THE STORY OF MALT
Barley has been part of human diet for ages, remains of barley grains found at archaeological sites in the Fertile Crescent indicate that around 10,000years ago, barley was domesticated from ‘Hordeum Spontaneum’, its wild variant.
Wide presence; long heritage Wild barley ranged from North Africa to the Tibet with the earliest evidence of the grain dating back to about 8,500 BC near the Sea of Galilee.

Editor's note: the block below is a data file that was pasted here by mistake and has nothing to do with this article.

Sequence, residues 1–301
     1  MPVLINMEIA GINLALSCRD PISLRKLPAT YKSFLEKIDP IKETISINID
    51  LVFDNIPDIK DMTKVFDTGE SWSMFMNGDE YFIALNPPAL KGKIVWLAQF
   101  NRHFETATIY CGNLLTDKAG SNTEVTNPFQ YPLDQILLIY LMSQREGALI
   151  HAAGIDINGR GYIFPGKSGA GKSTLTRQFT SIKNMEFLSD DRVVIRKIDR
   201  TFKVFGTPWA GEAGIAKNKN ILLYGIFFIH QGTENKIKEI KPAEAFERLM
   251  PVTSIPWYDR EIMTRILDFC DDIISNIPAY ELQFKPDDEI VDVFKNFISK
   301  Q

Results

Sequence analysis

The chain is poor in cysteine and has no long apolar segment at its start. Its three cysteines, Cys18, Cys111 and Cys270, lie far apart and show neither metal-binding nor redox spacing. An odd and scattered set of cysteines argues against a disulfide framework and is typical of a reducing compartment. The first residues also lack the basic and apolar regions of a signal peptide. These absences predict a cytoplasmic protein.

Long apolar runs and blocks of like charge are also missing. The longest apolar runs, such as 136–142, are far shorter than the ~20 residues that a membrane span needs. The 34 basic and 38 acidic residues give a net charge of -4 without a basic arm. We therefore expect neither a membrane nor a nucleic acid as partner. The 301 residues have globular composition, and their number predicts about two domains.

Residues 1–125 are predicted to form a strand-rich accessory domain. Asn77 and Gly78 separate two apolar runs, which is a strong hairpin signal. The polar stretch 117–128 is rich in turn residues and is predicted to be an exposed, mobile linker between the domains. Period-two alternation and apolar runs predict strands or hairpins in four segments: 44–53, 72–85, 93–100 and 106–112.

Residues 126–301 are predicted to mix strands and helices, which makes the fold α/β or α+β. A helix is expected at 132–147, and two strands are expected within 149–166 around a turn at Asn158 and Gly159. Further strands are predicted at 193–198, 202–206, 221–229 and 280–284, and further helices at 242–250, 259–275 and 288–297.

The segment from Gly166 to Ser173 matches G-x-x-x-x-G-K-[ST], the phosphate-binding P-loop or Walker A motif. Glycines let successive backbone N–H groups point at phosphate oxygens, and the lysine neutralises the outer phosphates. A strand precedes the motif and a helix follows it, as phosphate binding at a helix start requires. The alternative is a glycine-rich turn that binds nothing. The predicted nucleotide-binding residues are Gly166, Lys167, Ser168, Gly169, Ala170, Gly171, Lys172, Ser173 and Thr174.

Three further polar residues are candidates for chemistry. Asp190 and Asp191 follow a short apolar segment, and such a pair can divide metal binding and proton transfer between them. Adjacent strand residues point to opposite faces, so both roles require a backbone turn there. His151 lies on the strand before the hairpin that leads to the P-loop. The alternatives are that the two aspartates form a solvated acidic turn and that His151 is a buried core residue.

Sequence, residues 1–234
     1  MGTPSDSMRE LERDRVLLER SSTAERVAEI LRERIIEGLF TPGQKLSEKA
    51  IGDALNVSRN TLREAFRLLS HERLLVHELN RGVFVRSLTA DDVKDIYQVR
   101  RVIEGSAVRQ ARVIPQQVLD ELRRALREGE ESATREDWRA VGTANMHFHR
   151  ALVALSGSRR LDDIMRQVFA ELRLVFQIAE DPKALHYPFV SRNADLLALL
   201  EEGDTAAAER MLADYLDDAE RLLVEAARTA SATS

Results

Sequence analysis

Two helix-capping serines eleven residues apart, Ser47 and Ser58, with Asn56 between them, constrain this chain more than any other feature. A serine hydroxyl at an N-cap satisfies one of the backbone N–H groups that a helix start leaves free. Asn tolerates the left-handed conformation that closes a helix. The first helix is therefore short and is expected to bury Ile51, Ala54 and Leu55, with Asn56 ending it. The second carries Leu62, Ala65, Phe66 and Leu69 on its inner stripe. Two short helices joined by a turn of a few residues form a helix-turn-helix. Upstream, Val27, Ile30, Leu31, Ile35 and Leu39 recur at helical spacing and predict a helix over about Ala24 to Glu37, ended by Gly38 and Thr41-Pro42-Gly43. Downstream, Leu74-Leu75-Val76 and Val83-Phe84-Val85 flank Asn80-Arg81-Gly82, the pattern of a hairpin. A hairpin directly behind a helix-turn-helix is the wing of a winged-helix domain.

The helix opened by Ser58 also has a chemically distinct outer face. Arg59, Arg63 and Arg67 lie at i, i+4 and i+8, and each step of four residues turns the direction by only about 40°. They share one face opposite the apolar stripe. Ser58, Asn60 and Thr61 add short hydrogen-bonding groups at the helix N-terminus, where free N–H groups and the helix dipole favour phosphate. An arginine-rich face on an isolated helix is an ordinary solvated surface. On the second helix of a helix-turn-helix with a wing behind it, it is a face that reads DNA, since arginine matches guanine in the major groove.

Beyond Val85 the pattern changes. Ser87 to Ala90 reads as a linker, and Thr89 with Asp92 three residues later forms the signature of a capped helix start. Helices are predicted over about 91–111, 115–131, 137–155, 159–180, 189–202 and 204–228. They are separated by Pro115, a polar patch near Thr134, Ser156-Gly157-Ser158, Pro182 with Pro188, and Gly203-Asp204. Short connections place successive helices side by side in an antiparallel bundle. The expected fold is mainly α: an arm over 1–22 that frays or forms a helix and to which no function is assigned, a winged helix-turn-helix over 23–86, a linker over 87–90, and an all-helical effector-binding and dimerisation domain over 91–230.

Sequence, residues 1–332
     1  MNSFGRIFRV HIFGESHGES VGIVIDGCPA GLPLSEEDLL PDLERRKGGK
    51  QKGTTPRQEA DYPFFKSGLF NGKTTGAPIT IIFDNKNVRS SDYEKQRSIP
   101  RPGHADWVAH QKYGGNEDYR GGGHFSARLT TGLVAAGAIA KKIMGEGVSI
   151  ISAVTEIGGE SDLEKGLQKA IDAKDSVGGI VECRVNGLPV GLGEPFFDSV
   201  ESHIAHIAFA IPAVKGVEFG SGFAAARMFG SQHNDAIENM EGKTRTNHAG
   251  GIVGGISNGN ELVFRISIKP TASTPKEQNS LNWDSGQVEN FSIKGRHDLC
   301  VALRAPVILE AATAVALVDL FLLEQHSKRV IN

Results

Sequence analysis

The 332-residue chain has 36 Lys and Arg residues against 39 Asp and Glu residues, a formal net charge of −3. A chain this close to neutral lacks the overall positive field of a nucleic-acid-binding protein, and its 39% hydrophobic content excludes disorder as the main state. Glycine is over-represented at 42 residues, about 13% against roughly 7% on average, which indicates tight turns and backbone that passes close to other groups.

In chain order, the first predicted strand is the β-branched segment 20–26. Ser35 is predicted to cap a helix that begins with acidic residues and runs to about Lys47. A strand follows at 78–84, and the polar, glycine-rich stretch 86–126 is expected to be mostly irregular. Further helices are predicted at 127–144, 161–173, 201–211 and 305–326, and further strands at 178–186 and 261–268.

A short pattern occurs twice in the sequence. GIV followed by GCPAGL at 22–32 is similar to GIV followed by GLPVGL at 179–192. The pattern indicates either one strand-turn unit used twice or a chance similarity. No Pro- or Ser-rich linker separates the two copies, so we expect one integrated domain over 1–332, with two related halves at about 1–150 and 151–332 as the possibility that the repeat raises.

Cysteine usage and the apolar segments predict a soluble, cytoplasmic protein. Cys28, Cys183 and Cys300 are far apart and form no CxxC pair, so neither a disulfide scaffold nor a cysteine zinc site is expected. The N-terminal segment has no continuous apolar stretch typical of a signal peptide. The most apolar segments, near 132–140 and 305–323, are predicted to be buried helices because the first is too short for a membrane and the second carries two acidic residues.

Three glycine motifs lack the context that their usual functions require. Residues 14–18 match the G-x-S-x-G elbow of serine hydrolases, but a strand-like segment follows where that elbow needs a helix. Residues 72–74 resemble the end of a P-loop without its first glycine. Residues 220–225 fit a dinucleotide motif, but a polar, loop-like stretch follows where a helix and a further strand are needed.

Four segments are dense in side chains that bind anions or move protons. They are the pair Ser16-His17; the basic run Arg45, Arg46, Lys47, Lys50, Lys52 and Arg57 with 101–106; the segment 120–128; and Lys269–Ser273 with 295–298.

The malting process converts raw grain into malt. The malt is mainly used for brewing, but can also be used to make malt vinegar or malt extract. There are a number of different types of equipment that can be used to produce the malt. A traditional floor maltings germinates the grains in a thin layer on a solid floor, and the grain is manually raked and turned to keep the grains loose and aerated. In a modern malt house the process is more automated, and the grain is germinated on a floor that is slotted to allow air to be forced through the grain bed. Large mechanical turners keep the much thicker bed loose with higher productivity and better energy efficiency.